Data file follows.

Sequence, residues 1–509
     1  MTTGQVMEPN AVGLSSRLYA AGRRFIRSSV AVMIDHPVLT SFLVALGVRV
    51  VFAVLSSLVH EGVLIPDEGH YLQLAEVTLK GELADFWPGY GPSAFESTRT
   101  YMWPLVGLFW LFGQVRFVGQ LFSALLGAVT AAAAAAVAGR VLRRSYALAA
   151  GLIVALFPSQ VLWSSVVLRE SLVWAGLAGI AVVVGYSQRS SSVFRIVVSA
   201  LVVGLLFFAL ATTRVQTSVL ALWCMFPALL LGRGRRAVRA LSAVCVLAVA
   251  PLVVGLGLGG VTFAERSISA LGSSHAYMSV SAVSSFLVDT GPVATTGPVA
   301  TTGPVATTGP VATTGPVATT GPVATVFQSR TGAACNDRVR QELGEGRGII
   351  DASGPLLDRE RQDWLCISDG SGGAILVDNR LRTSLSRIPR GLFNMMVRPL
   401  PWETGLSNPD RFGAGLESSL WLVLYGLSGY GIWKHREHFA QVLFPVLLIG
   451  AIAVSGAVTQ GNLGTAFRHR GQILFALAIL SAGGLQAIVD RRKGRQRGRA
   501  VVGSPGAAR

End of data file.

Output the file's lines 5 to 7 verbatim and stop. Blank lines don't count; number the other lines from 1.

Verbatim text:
   151  GLIVALFPSQ VLWSSVVLRE SLVWAGLAGI AVVVGYSQRS SSVFRIVVSA
   201  LVVGLLFFAL ATTRVQTSVL ALWCMFPALL LGRGRRAVRA LSAVCVLAVA
   251  PLVVGLGLGG VTFAERSISA LGSSHAYMSV SAVSSFLVDT GPVATTGPVA